Full Stack Authentication: Cookies and Local Storage

The expectation

When you log into an application, you have the expectation that the next time you open a new tab or window in the browser, you will still be logged into that application. This means that in some way, shape, or form, the client (browser) must maintain a reference to you in order to keep you logged in.

Where can I persist state on the client?

Dealing with security and authentication in a front end application can be a difficult problem. There are generaly two ways to maintain state on the client in a web application:

What are the vulnerabilities?

Both of these methods comes with potential related security issues:

Method Vulnerability
Local storage XSS - cross-site scripting
Cookies CSRF - cross-site request forgery
  • An XSS vulnerability enables an attacker to inject JavaScript into a site.
  • A CSRF vulnerability enables an attacker to perform actions on a website via an authenticated user.

A good primer on some of the differences between these two vulnerabilities and their causes can be found in Where to Store your JWTs – Cookies vs HTML5 Web Storage.

How can I get around it?

If local storage can be exploited by third-party scripts (such as those found in browser extensions) and if authentication can be spoofed with cookies, where is it acceptable to place client state?

In Single-Page App Authentication Using Cookies on the Auth0 docs, we learn that if your application:

  • is served to the client using your own backend
  • has the same domain as your backend
  • makes API calls that require authentication to your backend

then there is a way to safely use cookies for authentication.

What does it look like?

A real-world example of the setup:

  • a React single-page application (SPA) on the front end
  • an Node + Express server backend
  • Web Cookies (Secure, HttpOnly, Same Site)

The Express server will serve the React SPA from all routes, except those that begin with /api. The React application will hit the Express server for all endpoints. With this method, your front end app is on the same domain, and has a server, allowing you to secure cookies with HttpOnly, Secure, and Same Site options.

From here, you can make API calls to microservices or some protected server. The actual API endpoints and access tokens will not be visible from the browser.

Below I will lay out some of the main concepts of setting up this architecture for a full stack application (without it being an actual tutorial walkthrough).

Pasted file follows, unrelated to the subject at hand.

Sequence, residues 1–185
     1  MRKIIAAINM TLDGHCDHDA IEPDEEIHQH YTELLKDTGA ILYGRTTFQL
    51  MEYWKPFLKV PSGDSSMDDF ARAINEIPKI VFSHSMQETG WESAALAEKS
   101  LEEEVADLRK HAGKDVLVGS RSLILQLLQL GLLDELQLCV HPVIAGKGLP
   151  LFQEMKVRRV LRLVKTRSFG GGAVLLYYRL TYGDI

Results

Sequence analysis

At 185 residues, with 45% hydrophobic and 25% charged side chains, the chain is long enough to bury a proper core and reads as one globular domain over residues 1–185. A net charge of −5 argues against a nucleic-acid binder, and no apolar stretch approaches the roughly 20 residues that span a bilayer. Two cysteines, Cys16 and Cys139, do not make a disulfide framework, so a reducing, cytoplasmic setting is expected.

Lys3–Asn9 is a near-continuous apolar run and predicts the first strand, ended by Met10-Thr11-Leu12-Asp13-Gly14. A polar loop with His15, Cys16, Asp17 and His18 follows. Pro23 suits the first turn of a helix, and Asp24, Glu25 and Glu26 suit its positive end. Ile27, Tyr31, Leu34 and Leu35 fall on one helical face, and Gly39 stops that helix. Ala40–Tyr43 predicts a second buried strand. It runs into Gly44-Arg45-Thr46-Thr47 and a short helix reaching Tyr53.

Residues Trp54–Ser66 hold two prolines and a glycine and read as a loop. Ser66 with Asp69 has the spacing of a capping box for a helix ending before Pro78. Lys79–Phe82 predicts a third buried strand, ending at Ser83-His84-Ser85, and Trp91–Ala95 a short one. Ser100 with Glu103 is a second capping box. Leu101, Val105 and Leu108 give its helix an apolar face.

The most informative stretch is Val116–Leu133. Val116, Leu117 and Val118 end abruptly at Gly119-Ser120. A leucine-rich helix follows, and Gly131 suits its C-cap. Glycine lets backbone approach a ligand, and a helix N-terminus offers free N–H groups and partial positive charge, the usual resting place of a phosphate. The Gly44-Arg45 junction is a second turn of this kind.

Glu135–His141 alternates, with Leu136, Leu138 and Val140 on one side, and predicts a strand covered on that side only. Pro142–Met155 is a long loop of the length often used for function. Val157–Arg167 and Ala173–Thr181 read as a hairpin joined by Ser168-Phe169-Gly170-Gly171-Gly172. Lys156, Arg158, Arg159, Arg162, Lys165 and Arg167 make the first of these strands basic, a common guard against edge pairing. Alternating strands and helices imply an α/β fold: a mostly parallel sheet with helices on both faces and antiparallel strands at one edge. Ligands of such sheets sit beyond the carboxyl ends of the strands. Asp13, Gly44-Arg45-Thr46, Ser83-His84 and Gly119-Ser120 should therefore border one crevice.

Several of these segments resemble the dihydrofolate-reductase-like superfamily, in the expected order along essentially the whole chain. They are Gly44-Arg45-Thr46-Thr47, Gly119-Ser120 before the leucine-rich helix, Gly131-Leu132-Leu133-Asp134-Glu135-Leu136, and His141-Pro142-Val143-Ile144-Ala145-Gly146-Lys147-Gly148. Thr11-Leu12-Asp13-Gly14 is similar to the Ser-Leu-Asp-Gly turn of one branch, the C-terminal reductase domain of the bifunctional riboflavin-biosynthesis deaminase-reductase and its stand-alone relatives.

Using HTTP cookies in Express

In order to use cookies in Express, you use the cookie-parser module.

Parse cookies

const cookieParser = require('cookie-parser')

app.use(cookieParser())

In a route, you can set a cookie on the response object, with some important properties:

// Set a cookie
response.cookie('nameOfCookie', 'cookieValue', {
  maxAge: 60 * 60 * 1000, // 1 hour
  httpOnly: true,
  secure: true,
  sameSite: true,
})
  • Same Site - prevents the cookie from being sent in cross-site requests
  • HTTP Only - cookies are only accessible from a server
  • Secure - cookie must be transmitted over HTTPS

The cookie can now be read in subsequent responses.

// Get a cookie
response.cookies.nameOfCookie

On logging out of the authentication, you'll want to clear the cookies.

// Clear a cookie
response.clearCookie('nameOfCookie')

Local values in Express middleware

Express runs on middlewares. In the case that you want to update a cookie in one middleware and use it in the next, you can store it as an Express local. This might come in handy if you have to refresh a JWT access token in a preAuth route, use that authentication in the handler, and send cookies in the response at the end.

// Create a local
const refreshMiddleware = (request, response, next) => {
  const accessToken = getNewAccessToken(refreshToken)
  // Set local
  response.locals.accessToken = accessToken
  next()
}

// Use a local
const handler = (request, response) => {
  const updatedAccessToken = response.locals.accessToken
}

router.post('/app/user', refreshMiddleware, handler)

Serving the front end app

A good example of this setup can be found in the Simple React Full Stack boilerplate setup. Ultimately, here's what the layout of your application will look like:

dist     # Distribution folder of the production React SPA build
src
  client # React source files
  server # Express server files

In which case, your server file will look something like this:

src/server/index.js
// Initialize Express app
const express = require('express')
const app = express()
const router = require('./router')

// Serve all static files from the dist folder
app.use(express.static(path.join(__dirname, '../../dist/')))

// Set up express router to serve all api routes (more on this below)
app.use('/api', router)

// Serve any other file as the distribution index.html
app.get('*', (request, response) => {
  response.sendFile(path.join(__dirname, '../../dist/index.html'))
})

Express routes and handlers

Using the Express Router class, you can organize all your API routes into subdirectories and bring them in with a single line in the main server entry point.

src
  server